[SINGAPORE] Singapore's low productivity levels are the result of low economic growth and also due to short-term business cycle fluctuations, according to a research report.
The Institute of Chartered Accountants in England and Wales (ICAEW) also said that long-term productivity growth may be achieved by focusing on expanding the finance and infocomm technology (ICT) sectors.
Singapore's output per hour worked declined 3.5 per cent year-on-year in the fourth quarter of 2012 across the three main sectors of construction, manufacturing and services. This does not mean that Singapore has lost its edge and is doomed to gradual decline, according to the report.
"Given the long-term nature of the productivity concept, such an interpretation would be premature," the report titled "Economic Insight: South East Asia" said. It cautions that the statistics can be volatile in the short term and that the downturn could reflect the business cycle rather than fundamental overall changes.
"Productivity will determine Singapore's prosperity in future years, but it's best looked at as an outcome of the economy's structural transformation than a determinant itself."
Since rebounding from the global financial crisis in 2009, labour productivity in Singapore has been in negative territory since the fourth quarter of 2011. The report, commissioned by ICAEW and produced by the Centre for Economics and Business Research (CEBR), stated that the fall in labour productivity is sharpest in the manufacturing sector, which had exceedingly high annual labour productivity growth rates in 2010.
"However, this was a fundamentally cyclical event as output had plunged during the financial crisis and the subsequent recovery boosted output per worker."
In construction, the pattern is less clear, but rates of negative 3.5 per cent growth in the last quarter of 2012 are well below the series average of 2 per cent overall. Services have also seen an erosion of labour productivity and for the economy as a whole, output per hour worked was down 3.5 per cent year-on-year in the fourth quarter of 2012.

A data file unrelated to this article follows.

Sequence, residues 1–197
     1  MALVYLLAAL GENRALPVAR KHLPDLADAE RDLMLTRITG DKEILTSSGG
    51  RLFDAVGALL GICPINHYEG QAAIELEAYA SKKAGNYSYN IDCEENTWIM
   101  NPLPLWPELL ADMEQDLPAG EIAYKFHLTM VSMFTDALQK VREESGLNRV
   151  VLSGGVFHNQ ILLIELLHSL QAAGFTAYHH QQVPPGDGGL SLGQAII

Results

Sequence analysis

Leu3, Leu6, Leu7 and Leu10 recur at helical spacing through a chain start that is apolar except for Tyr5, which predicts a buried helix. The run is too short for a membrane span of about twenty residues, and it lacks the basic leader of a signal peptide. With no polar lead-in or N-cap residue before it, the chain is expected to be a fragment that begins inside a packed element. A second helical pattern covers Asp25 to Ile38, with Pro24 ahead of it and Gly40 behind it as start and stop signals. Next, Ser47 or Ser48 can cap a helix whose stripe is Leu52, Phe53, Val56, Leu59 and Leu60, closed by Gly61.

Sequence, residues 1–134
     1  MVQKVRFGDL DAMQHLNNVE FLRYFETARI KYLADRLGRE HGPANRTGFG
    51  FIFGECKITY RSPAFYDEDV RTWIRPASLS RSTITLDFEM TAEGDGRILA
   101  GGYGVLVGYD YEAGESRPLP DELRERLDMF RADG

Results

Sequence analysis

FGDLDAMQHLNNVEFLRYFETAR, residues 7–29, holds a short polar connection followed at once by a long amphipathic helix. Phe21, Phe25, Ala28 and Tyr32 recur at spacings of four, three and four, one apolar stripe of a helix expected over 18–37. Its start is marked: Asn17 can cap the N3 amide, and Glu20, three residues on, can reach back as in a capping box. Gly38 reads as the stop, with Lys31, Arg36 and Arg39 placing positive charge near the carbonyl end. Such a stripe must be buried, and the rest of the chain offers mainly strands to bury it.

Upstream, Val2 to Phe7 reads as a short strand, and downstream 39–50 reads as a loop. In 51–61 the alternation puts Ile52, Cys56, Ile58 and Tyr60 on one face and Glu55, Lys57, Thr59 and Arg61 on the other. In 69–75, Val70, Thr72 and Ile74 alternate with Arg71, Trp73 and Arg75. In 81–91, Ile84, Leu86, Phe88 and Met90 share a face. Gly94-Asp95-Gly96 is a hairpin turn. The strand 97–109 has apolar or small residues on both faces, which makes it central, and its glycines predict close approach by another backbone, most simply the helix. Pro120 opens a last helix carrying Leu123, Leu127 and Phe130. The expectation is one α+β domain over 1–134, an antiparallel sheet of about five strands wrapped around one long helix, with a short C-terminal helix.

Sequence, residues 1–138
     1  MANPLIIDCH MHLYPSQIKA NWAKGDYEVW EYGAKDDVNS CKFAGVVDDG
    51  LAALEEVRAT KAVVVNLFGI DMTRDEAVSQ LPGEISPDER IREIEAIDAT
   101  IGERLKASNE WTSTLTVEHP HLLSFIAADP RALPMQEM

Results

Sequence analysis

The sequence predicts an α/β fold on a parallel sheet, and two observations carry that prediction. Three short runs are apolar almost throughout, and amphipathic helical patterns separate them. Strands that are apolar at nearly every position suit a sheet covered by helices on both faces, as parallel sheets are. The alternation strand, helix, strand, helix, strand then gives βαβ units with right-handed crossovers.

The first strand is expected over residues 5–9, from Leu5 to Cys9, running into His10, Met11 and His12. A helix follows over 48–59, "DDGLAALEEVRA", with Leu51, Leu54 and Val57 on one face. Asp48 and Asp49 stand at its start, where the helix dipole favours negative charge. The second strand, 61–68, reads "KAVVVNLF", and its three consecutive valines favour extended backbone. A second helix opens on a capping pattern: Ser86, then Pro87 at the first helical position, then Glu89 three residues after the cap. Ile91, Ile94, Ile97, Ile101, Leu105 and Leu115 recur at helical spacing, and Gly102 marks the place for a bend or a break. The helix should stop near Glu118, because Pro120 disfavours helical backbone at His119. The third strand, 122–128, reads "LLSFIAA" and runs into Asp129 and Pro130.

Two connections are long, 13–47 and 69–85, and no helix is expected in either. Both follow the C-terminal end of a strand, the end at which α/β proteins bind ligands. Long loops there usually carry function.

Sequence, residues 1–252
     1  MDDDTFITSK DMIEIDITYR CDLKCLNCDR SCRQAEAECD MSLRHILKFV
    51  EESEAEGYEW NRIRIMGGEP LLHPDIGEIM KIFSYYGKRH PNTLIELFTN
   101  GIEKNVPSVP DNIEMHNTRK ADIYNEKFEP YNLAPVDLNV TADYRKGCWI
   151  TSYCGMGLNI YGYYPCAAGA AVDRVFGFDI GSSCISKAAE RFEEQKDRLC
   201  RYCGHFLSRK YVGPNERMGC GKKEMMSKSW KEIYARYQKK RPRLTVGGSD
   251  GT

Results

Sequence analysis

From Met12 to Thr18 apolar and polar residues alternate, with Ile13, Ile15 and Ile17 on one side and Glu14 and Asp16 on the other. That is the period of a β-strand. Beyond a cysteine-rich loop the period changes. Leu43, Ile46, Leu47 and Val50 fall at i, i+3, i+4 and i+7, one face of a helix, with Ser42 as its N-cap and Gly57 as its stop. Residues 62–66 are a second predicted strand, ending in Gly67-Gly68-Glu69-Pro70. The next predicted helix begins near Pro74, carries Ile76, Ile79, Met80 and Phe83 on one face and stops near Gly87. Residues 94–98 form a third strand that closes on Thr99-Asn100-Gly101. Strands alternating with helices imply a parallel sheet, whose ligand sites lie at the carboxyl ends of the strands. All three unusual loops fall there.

ICAEW economic adviser and CEBR head of macroeconomics Charles Davis, said: "Singapore's long- term prosperity depends on raising productivity levels and raising real wages right across the population. However, this slowdown should not be seen dooming Singapore to decline; productivity levels should be seen as a outcome, not a determinant. For example, the sharp fall in manufacturing was down to the financial crisis and the subsequent recovery boosted the figures."
If Singapore manages to grow high value-added sectors, then its overall productivity will rise. The report explained that the latest productivity figures offer a positive indication of this as the biggest improvement in the last quarter of 2012 came in the finance and ICT sectors.
"If Singapore grows its high-value productive sectors - such as finance and ICT - overall productivity will increase . . .However, it will be important to focus on structural change to raise productivity. Singapore will need to adjust as it moves away from over-dependence on cheap foreign labour," said Mr Davis.
He also said at a briefing in Singapore yesterday that Singaporeans may earn higher wages than many of their international counterparts but they work extremely long hours even though they produce less than in most other high-income countries.
At current birth rates, productivity increases are necessary to maintain output and raise living standards. Mr Davis added that although limits on immigration are understandable in a country such as Singapore, from an economic perspective, it remains important to attract foreigners with key skills.
ICAEW undertakes a quarterly review of South-east Asian economies, with a focus on the five largest countries; Indonesia, Malaysia, the Philippines, Singapore and Thailand and provides its 140,000 members with a current snapshot of the region's economic performance.